top of page

Tantrums vs. Meltdowns

We often use the words "tantrum" and "meltdown" interchangeably when referring to the loud, intense, emotional outbursts that come from our littles.


While they may look and feel similar, and our reactions may be the same in both scenarios, they functionally are different.


Crying, yelling, stomping, hitting, biting, pushing, ripping, running away, ignoring, throwing, etc. Did I miss any? These are all behaviours we might see from our littles when their emotions are running high.


Before diving in, I want to note that tantrums and meltdowns are a normal, healthy part of child development.


Tantrums

A tantrum is typically a response to a situation and has a purpose. The child is reacting to something - taking a toy away, being denied a request, being asked to do or stop something, transitioning between activities, getting dressed/undressed, etc. It occurs as a direct result of the something and in theory, would stop immediately if the something was not happening anymore (although this is not the correct response from the adults and we will talk more about this in another post!).


Meltdowns

A meltdown is an emotional response to being in sensory overdrive. Overstimulation of the senses can trigger hypersensitivity and cause littles to have an intense emotional reaction that looks very similar to a tantrum. Our senses - sight, smell, touch, sound and taste - are constantly working to take in the world around us. For some kids, their baseline capacity (think of a normal day in the life if your kid) to take it all in is higher and for others, it's lower. Just like adults, they can only take so much before it feels like too much. Now imagine throwing them into a new scenario - the zoo, an airport, a birthday party. Not only is it new and exciting, but it is loud, busy, and overwhelming. So many noises, lights, smells and things to take in visually. No wonder kids meltdown at birthday parties! Can you blame them?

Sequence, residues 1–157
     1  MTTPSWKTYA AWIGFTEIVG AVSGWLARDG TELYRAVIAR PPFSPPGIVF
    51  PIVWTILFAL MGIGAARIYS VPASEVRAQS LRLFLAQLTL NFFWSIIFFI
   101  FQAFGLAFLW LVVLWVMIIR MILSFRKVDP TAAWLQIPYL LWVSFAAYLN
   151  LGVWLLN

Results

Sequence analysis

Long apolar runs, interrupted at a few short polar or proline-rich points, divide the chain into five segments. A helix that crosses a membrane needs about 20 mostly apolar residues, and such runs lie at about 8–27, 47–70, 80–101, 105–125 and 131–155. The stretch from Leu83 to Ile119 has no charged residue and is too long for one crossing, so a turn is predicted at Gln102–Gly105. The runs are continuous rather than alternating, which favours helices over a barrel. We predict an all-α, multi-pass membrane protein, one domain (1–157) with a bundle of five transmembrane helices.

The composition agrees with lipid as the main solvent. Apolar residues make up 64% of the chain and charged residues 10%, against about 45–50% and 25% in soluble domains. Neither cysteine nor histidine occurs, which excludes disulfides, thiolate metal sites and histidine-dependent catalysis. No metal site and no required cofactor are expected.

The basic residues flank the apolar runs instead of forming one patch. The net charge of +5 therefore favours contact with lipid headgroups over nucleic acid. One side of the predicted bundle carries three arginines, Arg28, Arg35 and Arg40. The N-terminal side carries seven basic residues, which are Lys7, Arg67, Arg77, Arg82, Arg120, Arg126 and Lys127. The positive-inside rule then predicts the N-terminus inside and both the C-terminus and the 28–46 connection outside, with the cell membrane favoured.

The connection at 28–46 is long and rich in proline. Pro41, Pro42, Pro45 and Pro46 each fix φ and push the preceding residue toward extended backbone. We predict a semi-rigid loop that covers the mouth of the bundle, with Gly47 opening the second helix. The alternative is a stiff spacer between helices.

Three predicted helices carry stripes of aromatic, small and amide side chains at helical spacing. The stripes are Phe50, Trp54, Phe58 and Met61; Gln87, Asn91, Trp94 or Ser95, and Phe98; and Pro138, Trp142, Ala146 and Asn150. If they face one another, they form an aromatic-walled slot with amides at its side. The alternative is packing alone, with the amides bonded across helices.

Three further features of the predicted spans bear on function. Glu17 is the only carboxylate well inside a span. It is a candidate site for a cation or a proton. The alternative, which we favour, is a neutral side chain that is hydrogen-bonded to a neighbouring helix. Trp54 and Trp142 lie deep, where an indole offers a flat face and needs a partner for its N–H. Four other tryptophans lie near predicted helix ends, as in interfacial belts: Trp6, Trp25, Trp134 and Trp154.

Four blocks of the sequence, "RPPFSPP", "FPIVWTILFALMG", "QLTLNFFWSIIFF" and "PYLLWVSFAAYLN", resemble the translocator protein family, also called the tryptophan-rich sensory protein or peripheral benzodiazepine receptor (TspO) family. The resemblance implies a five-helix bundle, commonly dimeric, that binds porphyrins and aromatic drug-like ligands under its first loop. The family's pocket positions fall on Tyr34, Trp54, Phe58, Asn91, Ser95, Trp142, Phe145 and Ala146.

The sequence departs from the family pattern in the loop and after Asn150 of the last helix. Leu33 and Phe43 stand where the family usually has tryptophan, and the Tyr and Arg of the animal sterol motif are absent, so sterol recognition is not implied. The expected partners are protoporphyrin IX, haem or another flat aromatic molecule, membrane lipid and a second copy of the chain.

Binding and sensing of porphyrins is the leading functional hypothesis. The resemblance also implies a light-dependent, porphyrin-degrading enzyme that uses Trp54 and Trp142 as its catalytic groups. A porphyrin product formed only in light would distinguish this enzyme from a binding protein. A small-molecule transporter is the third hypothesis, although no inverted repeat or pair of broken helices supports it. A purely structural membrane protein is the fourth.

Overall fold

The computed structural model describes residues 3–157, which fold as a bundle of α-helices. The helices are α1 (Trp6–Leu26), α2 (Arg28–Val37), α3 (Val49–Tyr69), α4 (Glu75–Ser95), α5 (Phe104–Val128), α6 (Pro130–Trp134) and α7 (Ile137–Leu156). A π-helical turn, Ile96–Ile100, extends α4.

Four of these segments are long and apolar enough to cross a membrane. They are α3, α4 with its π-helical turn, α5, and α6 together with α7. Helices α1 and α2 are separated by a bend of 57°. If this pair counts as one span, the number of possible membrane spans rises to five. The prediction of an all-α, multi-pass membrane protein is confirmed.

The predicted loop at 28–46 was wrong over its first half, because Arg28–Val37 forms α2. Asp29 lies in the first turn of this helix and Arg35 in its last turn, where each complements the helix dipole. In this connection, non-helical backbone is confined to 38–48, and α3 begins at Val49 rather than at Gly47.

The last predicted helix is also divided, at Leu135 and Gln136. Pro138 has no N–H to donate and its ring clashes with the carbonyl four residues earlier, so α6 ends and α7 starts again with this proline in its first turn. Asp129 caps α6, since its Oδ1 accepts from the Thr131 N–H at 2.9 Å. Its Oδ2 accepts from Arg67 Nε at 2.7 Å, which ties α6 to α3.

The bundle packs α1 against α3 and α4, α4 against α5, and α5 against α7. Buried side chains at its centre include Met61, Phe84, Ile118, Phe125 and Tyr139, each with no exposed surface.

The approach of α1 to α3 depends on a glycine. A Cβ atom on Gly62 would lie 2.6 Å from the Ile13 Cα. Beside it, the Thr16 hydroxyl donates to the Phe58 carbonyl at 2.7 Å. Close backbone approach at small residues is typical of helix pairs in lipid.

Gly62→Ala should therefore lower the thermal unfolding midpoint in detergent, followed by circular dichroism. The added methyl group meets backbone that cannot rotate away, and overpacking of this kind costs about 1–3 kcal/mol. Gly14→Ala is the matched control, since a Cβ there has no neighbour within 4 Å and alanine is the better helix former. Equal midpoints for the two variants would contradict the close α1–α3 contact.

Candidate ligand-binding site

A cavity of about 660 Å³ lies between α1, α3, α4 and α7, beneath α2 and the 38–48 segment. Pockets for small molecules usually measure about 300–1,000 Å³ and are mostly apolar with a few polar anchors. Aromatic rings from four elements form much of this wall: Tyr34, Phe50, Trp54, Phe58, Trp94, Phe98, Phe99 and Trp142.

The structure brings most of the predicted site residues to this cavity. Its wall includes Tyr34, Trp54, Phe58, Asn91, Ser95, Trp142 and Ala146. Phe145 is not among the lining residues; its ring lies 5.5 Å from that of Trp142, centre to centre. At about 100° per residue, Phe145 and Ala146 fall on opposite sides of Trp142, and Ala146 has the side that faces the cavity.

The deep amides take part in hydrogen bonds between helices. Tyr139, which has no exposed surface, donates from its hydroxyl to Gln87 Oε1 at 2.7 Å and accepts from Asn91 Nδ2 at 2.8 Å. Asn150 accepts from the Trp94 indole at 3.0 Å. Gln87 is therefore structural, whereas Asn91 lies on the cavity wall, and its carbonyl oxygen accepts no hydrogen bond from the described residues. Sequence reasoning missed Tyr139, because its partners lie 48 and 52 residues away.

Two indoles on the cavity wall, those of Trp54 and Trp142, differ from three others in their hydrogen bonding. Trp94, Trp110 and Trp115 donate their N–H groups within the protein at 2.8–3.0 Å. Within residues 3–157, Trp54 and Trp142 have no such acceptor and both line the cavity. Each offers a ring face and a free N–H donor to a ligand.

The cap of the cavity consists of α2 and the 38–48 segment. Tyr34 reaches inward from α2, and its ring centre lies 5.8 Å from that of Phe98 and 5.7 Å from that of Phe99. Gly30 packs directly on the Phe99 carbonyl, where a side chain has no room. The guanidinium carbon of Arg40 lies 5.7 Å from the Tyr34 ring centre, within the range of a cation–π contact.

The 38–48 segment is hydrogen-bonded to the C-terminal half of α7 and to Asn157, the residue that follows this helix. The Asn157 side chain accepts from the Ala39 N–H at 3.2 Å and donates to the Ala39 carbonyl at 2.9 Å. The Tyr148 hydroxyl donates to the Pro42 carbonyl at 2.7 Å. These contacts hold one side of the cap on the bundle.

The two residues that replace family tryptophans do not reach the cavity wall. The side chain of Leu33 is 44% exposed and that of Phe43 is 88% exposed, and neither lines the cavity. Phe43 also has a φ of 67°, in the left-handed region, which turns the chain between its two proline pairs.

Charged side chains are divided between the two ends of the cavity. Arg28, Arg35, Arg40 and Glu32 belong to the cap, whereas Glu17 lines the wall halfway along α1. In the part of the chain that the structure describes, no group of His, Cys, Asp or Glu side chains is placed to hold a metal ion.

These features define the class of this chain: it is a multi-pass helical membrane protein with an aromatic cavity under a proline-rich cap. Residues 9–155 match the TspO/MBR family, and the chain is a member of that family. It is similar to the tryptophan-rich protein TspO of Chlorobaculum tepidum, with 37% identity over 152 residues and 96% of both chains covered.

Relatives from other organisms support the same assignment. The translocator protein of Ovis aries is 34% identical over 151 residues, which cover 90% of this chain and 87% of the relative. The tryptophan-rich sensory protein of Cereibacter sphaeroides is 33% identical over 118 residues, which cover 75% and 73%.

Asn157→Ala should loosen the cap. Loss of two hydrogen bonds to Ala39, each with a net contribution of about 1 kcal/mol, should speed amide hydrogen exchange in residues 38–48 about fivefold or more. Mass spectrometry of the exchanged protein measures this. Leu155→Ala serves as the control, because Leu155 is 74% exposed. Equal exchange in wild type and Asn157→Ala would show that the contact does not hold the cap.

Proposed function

So why should I know the difference?

Knowing the difference between these two emotional reactions can allow you to be more proactive as a parent.


If you recognize that your child is having meltdowns in similar situations, you can take steps to manage the situations before they arise.


For example - if your child has difficulty with meltdowns at children's birthday parties, you can try the following:



1. Read books and social stories about birthday parties at random times, not just before or after a party.

This will give your child continuous exposure in a way that is more approachable. When things become part of our prior lived experience and knowledge, we can better handle them. Things like birthday parties have common elements that kids learn to expect. Balloons, lots of kids, presents, cake, songs, etc. Learning these social cues and developing this schema, or prior understanding, helps kids to better prepare for them.



2. Give your child reminders and warnings about upcoming parties.

Instead of springing it on them as a "fun surprise", let your child know that this weekend/tomorrow/this afternoon, we will be going to a birthday party. Let them in on the details (when it is, what to expect, where it will be, who might be there, etc.).


3. Give them strategies for coping.